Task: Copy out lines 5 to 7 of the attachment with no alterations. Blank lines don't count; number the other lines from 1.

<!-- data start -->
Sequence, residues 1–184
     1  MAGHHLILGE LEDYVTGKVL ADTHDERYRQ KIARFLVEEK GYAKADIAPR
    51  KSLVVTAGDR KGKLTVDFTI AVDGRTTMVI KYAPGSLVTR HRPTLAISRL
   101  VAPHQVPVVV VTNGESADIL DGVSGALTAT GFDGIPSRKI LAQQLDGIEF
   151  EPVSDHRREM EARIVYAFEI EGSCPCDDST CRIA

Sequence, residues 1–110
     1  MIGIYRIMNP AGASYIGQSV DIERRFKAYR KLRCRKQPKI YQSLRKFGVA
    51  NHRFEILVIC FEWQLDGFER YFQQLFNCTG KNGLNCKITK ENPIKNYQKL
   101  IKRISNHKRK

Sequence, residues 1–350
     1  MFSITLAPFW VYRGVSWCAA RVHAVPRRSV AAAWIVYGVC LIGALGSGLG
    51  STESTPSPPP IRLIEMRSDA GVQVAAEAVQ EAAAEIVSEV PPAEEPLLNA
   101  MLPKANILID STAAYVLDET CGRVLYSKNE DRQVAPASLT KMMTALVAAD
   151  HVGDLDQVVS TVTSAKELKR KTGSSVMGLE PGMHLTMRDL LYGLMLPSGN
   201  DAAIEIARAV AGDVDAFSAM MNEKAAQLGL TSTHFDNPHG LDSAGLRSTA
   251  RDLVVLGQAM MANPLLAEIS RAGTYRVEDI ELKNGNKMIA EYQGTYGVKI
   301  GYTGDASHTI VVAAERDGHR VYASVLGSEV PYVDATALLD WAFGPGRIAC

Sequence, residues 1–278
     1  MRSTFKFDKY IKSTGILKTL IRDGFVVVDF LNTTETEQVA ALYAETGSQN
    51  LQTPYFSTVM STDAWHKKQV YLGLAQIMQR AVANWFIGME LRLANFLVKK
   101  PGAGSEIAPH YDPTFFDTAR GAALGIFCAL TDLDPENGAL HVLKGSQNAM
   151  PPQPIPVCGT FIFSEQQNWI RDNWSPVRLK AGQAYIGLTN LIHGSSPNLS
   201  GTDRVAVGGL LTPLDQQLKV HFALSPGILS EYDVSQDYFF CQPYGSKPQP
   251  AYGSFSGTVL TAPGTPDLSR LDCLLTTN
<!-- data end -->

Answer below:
   151  EPVSDHRREM EARIVYAFEI EGSCPCDDST CRIA

Sequence, residues 1–110
     1  MIGIYRIMNP AGASYIGQSV DIERRFKAYR KLRCRKQPKI YQSLRKFGVA